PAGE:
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Why was literature so often defended and defined in early modern
England in terms of its ability to provide the Horatian ideal of both profit
and pleasure? Robert Matz analyzes Renaissance literary theory in the
context of social transformations of the period, focusing on conflicting
ideas about gentility that emerged as the English aristocracy evolved from
a feudal warrior class to a civil elite. Through close readings centered on
works by Thomas Elyot, Philip Sidney, and Edmund Spenser, Matz argues
that literature attempted to mediate a complex set of contradictory social
expectations. His original study engages with important theoretical work
such as Pierre Bourdieu’s and offers a substantial critique of New
Historicist theory. It challenges recent accounts of the power of
Renaissance authorship, emphasizing the uncertain status of literature
during this time of cultural change, and sheds light on why and how
canonical works became canonical.
  is Assistant Professor of English at George Mason

Cambridge Studies in Renaissance Literature and Culture 37
Defending Literature in Early Modern England

Cambridge Studies in Renaissance Literature and Culture
General editor
Jackson Eli Reynolds Professor of Humanities, Stanford University
Editorial board
Anne Barton, University of Cambridge
Jonathan Dollimore, University of York
Marjorie Garber, Harvard University
Jonathan Goldberg, Johns Hopkins University
Nancy Vickers, Bryn Mawr College
Since the 1970s there has been a broad and vital reinterpretation of the
nature of literary texts, a move away from formalism to a sense of
literature as an aspect of social, economic, political and cultural history.
While the earliest New Historicist work was criticized for a narrow and
anecdotal view of history, it also served as an important stimulus for
post-structuralist, feminist, Marxist and psychoanalytical work, which
in turn has increasingly informed and redirected it. Recent writing on
the nature of representation, the historical construction of gender and of
the concept of identity itself, on theatre as a political and economic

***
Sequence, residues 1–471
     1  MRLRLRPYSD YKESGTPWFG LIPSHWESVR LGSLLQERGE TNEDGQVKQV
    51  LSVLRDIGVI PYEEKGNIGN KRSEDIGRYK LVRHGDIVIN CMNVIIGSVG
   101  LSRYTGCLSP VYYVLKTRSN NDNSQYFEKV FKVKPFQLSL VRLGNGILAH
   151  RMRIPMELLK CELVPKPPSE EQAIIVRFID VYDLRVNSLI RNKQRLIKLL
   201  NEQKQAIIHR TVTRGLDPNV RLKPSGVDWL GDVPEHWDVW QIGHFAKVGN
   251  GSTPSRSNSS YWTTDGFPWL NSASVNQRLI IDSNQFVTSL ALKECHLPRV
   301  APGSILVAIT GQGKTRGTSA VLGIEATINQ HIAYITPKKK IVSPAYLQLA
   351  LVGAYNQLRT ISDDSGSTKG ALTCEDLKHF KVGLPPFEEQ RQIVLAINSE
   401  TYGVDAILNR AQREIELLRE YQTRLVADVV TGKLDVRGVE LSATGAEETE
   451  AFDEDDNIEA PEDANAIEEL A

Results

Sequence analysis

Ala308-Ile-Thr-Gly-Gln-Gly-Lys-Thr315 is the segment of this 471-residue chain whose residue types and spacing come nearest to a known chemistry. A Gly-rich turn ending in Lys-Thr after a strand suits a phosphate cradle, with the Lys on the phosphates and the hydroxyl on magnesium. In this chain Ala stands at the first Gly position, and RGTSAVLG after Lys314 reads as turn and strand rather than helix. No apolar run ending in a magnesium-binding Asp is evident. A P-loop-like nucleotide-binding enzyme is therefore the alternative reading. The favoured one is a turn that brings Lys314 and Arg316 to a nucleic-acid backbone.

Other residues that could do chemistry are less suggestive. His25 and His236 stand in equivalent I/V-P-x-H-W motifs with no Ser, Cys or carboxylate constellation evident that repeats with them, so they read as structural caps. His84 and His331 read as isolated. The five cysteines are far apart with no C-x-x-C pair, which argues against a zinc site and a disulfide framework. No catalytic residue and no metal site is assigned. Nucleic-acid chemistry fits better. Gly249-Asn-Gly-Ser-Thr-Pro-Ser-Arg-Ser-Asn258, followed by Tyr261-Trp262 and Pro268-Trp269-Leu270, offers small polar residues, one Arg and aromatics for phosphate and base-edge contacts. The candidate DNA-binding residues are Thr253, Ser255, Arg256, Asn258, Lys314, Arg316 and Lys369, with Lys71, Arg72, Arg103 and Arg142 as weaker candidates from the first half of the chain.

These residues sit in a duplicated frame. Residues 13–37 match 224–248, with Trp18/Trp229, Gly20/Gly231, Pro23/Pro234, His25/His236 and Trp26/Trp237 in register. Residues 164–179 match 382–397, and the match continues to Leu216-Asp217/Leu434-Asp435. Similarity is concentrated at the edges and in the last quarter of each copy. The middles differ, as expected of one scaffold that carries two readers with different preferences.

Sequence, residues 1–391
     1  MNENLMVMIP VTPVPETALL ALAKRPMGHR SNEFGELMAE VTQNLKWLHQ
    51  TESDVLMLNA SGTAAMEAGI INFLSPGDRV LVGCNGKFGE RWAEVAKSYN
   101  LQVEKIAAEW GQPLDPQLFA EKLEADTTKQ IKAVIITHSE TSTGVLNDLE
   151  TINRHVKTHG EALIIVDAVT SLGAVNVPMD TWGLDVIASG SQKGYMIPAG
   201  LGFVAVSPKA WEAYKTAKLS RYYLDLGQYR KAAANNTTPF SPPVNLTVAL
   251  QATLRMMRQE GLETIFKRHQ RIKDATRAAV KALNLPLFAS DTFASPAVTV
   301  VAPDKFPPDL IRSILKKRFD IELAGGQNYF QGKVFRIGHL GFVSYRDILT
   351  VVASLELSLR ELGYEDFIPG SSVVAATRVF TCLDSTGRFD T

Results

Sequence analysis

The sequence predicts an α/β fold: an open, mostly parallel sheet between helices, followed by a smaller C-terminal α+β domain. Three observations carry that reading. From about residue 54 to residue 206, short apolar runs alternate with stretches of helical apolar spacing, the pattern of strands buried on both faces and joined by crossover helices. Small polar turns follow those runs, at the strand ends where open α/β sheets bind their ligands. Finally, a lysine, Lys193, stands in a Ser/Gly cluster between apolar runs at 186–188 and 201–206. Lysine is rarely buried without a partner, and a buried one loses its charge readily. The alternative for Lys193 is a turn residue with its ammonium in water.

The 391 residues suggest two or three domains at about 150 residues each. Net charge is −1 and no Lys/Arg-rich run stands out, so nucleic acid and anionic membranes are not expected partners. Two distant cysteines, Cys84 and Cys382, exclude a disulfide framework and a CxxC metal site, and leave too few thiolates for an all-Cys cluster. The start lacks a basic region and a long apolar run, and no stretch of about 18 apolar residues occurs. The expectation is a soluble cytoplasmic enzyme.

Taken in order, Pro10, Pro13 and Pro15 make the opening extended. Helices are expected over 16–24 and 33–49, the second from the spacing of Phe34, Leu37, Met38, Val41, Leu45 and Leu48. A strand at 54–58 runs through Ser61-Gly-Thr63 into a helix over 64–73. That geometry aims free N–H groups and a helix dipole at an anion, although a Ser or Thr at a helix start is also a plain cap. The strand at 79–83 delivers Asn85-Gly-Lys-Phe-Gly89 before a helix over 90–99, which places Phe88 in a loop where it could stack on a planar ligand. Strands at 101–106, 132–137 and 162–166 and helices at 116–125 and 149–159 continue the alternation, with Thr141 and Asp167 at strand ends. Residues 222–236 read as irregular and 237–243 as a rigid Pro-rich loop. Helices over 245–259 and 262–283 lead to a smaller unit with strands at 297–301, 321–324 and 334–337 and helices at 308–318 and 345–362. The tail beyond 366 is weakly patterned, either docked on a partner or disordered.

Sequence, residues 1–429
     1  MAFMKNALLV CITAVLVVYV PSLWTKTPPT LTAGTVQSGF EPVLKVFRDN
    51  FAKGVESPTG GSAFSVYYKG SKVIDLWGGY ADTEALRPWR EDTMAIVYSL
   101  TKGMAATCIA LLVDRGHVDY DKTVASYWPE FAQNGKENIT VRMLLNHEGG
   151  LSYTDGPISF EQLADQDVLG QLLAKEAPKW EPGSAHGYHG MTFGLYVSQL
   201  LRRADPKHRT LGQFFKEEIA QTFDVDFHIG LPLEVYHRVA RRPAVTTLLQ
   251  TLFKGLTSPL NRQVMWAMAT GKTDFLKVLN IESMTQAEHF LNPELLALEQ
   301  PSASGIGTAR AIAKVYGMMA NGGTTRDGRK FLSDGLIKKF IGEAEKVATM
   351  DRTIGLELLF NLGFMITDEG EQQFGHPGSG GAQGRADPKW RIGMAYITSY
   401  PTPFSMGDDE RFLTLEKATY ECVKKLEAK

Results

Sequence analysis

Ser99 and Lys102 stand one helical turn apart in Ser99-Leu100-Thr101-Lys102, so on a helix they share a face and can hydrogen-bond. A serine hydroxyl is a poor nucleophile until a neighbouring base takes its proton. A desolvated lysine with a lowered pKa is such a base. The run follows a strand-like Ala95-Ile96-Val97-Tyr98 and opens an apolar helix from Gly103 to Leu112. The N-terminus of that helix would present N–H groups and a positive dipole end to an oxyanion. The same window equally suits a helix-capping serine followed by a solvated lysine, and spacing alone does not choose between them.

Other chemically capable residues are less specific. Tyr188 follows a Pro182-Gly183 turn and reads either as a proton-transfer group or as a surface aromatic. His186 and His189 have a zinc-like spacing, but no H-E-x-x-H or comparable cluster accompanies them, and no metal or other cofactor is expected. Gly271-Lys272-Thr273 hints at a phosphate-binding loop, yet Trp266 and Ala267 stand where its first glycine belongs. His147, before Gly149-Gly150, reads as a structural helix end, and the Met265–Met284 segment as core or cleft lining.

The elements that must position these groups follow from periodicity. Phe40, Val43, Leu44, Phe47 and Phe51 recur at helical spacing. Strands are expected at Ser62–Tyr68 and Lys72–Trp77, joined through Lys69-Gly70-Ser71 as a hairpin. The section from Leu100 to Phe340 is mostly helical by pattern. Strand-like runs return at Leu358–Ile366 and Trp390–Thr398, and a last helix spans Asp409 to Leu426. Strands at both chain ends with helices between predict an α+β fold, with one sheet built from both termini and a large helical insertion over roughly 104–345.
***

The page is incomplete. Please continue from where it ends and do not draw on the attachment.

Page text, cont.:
phenomenon and on the ideologies of art generally, reveals the breadth
of the field. Cambridge Studies in Renaissance Literature and Culture is
designed to offer historically oriented studies of Renaissance literature
and theatre which make use of the insights afforded by theoretical
perspectives. The view of history envisioned is above all a view of our
own history, a reading of the Renaissance for and from our own time.
Recent titles include
29.Dorothy Stephens The limits of eroticism in post-Petrarchan
narrative: conditional pleasure from Spenser to Marvell
30.Celia R. Daileader Eroticism on the Renaissance stage:
transcendance, desire, and the limits of the visible
31.Theodore B. Leinwand Theatre, finance and society in early modern
32.Heather Dubrow Shakespeare and domestic loss: forms of
deprivation, mourning, and recuperation
33.David M. Posner The performance of nobility in early modern
European literature
34.Michael C. Schoenfeldt Bodies and selves in early modern England:
physiology and inwardness in Spenser, Shakespeare, Herbert, and
35.Lynn Enterline The rhetoric of the body from Ovid to Shakespeare

36.Douglas A. Brooks From playhouse to printing house: drama and
authorship in early modern England
A complete list of books in the series is given at the end of the volume.
Defending Literature in Early
Modern England
Renaissance Literary Theory in Social Context
Robert Matz
Assistant Professor of English
George Mason University
         
The Pitt Building, Trumpington Street, Cambridge, United Kingdom
  
The Edinburgh Building, Cambridge CB2 2RU, UK
40 West 20th Street, New York, NY 10011-4211, USA
477 Williamstown Road, Port Melbourne, VIC 3207, Australia
Ruiz de Alarcón 13, 28014 Madrid, Spain
Dock House, The Waterfront, Cape Town 8001, South Africa
First published in printed format
ISBN 0-521-66080-7 hardback
ISBN 0-511-03338-9 eBook
Robert Matz 2004
(Adobe Reader)
For my parents, Joseph and Lorraine Matz
Pastance with good company
I love and shall until I die
Grudge who will, but none deny,
So God be pleased this life will I
For my pastance,
Hunt, sing and dance,
My heart is set,
All goodly sport
To my comfort
Who shall me let?
Henry VIII, “Pastance with good company”
(from Williams, Henry VIII and His Court, p. 34)
1Introduction: “aut prodesse . . . aut delectare”1
2Recreating reading: Elyot’s Boke Named the Governour25
3Heroic diversions: Sidney’s Defence ofPoetry56
4A “gentle discipline”: Spenser’s Faerie Queene88
5Epilogue: from text to work?128

A number of friends and colleagues at Johns Hopkins and George Mason
University kindly read and helpfully commented on sections of this work.
Many thanks to Denise Albanese, David Baker, Charles Dove, Dorice
Elliott, David Glimp, Elaine Hadley, Devon Hodges, Rosemary Jann,
Barbara Melosh, Cynthia Rogers, Jennifer Summit, and Ned Weed. I’ve
also had the pleasure of wonderful teachers in the English departments at
Johns Hopkins and Cornell. I want particularly to express my appreciation
to Jonathan Goldberg. As advisor to my dissertation at Johns Hopkins, not
to mention through his own critical work, he has taught me a great deal,
and provided me with a model of scholarly generosity and energy that I
greatly admire. I am glad to have a chance to thank him in print. As my dis-
sertation’s second reader, John Guillory provided valuable advice and clear
formulations. Thanks also to the George Mason University College of Arts